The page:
Authors: C.J. Preston
Addresses: School of Culture, Language, Communication, Institute of Education, University of London, 20 Bedford Way, WC1H OAL, UK
Abstract: This discussion paper explores the emergent theory of Braided Learning observed in the online communication within a mature professional |Communities of Practice| (CoPs) (Wenger, 1992; 2002; 2004). The focus of the study is the online practice of the international MirandaNet Fellowship, which was established in 1992. Evidence of the Wenger approach to learning in the history of MirandaNet is contrasted and compared with the linear five-step model that Salmon (2000; 2002) developed in tutoring online business courses. In the paper, an example of a multi-authored text from the Mirandalink, the internal listserv, is investigated to provide evidence of new kinds of collaborative learning. One key skill that is found amongst members is the e-facilitation of collaborative learning. The conclusions indicate that over time online engagement can provide professionals with a thriving community. A sixth step in professional learning is discovered, which is when the CoP members reinterpreted jointly owned online texts to use in the process of influencing local, national and international agendas.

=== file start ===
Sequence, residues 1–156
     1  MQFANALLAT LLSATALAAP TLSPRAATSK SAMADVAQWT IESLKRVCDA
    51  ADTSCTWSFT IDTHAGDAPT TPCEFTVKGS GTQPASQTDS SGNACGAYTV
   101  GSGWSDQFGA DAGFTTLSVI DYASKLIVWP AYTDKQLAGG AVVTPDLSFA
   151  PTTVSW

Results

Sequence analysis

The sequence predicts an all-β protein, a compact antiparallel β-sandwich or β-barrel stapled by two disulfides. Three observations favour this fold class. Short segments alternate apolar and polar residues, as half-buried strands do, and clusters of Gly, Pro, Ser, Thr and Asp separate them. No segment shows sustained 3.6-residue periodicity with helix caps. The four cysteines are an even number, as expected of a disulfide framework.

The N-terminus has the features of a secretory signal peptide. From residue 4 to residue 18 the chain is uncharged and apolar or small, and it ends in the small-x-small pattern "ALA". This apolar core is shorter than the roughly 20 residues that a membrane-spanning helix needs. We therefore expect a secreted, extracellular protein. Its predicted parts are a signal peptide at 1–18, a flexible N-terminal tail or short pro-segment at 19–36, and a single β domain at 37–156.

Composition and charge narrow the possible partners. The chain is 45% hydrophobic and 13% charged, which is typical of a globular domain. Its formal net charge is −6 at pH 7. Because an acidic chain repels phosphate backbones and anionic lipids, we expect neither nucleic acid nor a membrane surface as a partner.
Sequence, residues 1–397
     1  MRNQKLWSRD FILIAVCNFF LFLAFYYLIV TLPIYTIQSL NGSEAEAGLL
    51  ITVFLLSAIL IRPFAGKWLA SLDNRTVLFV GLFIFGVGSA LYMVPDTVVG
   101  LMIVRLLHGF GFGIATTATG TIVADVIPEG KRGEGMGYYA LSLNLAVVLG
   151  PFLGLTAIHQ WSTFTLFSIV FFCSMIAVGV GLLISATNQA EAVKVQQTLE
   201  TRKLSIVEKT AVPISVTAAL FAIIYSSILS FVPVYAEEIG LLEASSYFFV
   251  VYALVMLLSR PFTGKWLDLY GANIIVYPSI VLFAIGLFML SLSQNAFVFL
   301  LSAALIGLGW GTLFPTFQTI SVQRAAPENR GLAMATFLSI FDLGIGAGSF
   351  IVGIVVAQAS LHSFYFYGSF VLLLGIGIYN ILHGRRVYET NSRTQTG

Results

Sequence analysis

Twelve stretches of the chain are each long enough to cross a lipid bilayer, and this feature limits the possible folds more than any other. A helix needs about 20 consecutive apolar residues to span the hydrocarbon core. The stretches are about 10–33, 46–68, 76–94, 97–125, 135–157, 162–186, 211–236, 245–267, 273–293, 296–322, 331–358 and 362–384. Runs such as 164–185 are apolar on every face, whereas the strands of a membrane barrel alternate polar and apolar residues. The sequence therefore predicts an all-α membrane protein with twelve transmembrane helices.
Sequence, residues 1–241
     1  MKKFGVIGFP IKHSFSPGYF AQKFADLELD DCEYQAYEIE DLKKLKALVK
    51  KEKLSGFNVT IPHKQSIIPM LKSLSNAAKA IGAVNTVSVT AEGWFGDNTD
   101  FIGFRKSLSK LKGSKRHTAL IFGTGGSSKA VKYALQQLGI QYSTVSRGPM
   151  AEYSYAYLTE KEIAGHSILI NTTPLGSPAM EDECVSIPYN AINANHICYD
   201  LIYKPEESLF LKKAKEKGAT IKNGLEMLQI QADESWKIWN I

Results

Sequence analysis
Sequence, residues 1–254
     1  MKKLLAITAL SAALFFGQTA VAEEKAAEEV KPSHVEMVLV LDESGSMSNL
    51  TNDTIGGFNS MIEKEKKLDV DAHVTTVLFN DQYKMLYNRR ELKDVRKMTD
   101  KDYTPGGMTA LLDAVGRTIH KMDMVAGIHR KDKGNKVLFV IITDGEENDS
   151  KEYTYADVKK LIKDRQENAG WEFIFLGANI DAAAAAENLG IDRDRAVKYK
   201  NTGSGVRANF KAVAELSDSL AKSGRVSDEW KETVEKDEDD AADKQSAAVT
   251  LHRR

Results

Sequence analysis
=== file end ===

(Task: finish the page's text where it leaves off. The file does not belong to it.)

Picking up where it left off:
Keywords: community of practice; CoP; online learning; action research; practice-based research; learning theory; teaching practice; e-learning; web based communities; braided learning; virtual communities; online communities; collaborative learning.
International Journal of Web Based Communities, 2008 Vol.4 No.2, pp.220 - 243
Available online: 26 Mar 2008 *Full-text access for editors Access for subscribers Purchase this article Comment on this article